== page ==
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2015 March Madness – Bracket based on experimental utility function

 2015, basketball, March Madness, Tournament  Comments Off on 2015 March Madness – Bracket based on experimental utility function
Mar 172015


The image above is an attempt at a recommended bracket using a utility function that minimizes your regret of being wrong. Fan distributions count almost as much as win probabilities with this utility function (which is not peer reviewed). So how much you regret an incorrect pick depends both on the probability of you being wrong (based in win probability) and on the number of other entries likely to get it correct (based on fan distributions). The resulting bracket is mostly robust to the size of your pool (beyond a dozen other entries) and to most common scoring methods.

One of the problems with the utility function used to generate the “which team to pick” widget, is it assumes all you care about is getting the champ right and not having too many other entries also get the champ right. It ignores the possibility of hedging popular picks (eg, Kentucky and Duke), and can recommend some quite improbable champions.

The approach depicted above reflects the mindset of a quantitative portfolio manager. The portfolio manager might choose to minimize his regret of not picking popular picks that turn out to win. He won’t always pick the team most likely to win, because he would really regret being wrong if so many other entrants pick the underdog and the underdog wins. If nobody in your pool picks Northern Iowa, then not picking Northern Iowa either really can’t hurt you.

 Posted by on March 17, 2015 at 10:09 am

2015 March Madness – Which Team to Pick (other than Kentucky)

 2015, March Madness, Office pool, Tournament  Comments Off on 2015 March Madness – Which Team to Pick (other than Kentucky)
Mar 162015

Widget for identifying which team to pick as champion, based on the size of your pool

Use this widget to decide which team(s) to pick for your entry champion(s), then fill in the rest of your bracket(s) using the most likely bracket below.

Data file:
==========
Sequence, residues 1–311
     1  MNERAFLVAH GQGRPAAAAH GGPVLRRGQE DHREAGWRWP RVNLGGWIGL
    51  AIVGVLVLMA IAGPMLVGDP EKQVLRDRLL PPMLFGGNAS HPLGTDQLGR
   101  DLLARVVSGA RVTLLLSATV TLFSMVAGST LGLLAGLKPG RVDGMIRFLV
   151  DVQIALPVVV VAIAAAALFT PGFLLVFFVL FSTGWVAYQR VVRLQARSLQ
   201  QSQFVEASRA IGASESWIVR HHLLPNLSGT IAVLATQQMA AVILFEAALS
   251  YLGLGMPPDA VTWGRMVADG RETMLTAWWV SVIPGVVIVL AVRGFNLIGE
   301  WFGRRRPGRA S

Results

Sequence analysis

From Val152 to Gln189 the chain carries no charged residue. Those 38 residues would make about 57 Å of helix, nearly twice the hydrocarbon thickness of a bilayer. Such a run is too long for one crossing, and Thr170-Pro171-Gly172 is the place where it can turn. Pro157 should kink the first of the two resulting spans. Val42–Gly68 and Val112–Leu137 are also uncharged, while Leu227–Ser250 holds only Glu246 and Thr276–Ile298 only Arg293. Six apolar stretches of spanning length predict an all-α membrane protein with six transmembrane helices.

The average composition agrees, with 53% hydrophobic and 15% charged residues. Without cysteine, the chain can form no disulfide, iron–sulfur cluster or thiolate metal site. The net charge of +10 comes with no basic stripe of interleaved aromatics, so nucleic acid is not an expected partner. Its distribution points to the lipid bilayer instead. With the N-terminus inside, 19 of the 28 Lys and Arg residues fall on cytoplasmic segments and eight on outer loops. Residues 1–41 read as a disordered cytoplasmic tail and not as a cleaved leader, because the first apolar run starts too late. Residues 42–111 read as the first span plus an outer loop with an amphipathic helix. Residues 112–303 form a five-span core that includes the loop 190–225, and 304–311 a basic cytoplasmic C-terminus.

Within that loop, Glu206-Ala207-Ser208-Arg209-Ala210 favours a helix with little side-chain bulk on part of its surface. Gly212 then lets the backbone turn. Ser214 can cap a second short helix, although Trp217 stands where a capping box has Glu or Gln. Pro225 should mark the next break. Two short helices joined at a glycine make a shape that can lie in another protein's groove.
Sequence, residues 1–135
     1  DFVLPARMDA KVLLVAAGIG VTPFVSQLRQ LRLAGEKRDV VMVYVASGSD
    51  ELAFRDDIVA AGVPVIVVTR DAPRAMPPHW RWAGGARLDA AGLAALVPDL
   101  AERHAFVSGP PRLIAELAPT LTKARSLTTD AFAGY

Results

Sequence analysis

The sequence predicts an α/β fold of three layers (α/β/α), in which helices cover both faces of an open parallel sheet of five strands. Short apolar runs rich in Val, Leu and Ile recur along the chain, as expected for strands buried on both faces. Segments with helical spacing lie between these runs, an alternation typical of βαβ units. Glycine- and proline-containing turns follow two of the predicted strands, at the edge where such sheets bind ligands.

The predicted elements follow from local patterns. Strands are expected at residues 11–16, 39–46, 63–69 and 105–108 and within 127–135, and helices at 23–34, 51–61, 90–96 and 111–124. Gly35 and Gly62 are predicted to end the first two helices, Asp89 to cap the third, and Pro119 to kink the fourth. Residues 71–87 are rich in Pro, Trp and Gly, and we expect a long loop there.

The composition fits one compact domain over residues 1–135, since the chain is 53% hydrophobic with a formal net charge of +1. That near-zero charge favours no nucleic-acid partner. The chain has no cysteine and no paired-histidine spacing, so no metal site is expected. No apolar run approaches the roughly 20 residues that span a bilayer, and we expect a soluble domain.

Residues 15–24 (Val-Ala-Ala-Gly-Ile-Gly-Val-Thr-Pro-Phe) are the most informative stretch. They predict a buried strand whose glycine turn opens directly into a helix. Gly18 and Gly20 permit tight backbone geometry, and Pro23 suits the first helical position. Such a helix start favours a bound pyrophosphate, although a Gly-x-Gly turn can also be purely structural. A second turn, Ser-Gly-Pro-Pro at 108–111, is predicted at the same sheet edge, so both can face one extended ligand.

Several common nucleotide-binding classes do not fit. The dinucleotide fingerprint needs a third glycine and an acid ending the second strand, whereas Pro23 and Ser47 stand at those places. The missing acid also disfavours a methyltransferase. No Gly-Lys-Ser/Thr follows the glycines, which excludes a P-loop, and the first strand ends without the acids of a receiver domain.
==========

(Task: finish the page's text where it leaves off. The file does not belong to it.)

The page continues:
If you don’t see the widget, you may download the Excel workbook yourself.

 Posted by on March 16, 2015 at 8:57 pm

2015 March Madness Expected Survival Rates by Region

 2015, basketball, March Madness, Office pool, Tournament  Comments Off on 2015 March Madness Expected Survival Rates by Region
Mar 152015

Update, March 16, 2015, 5:10p PDT
Corrected “Alabama” to read “Albany” in East region. Oklahoma’s survival rates are improved, so other teams’ survival rates in that region are slightly reduced. TMA

Midwest region

SeedTeamRound 1Round 2Round 3Round 4Round 5Round 6
5West Virginia0.63020.37260.06110.02430.00570.0016
3Notre Dame0.87650.53830.2940.08260.02840.0113
7Wichita St.0.73090.39040.2080.05490.01770.0066
15New Mexico St.0.16190.03650.00730.00070.00010

West region

SeedTeamRound 1Round 2Round 3Round 4Round 5Round 6
16Coastal Carolina0.0450.00970.00190.000100
9Oklahoma St.0.52790.09570.04220.00920.00160.0004
5Arkansas Little Rock0.22460.01910.0008000
4North Carolina0.79420.67680.23830.08330.02360.0087
14Georgia St.0.2250.07490.00960.00170.00020
10Ohio St.0.56460.11170.05490.01720.00390.0012
15Texas Southern0.02280.00240.0002000

East region

SeedTeamRound 1Round 2Round 3Round 4Round 5Round 6
8North Carolina St.0.51650.09490.03470.00840.00230.0003
5Northern Iowa0.84910.54040.20510.08360.03750.0099
13UC Irvine0.21190.04570.00560.00070.00010
7Michigan St.0.62160.16810.08170.02840.01080.0024

South region

SeedTeamRound 1Round 2Round 3Round 4Round 5Round 6
16North Florida0.08040.01780.00260.000300
8San Diego St.0.57560.17530.06910.02370.00610.0011
9St. John's0.42440.10620.03480.00980.0020.0003
12Stephen F. Austin0.25860.12070.03670.0110.00240.0004
13Eastern Washington0.16260.02020.00240.000300
3Iowa St.0.86580.55130.24480.11330.04150.0108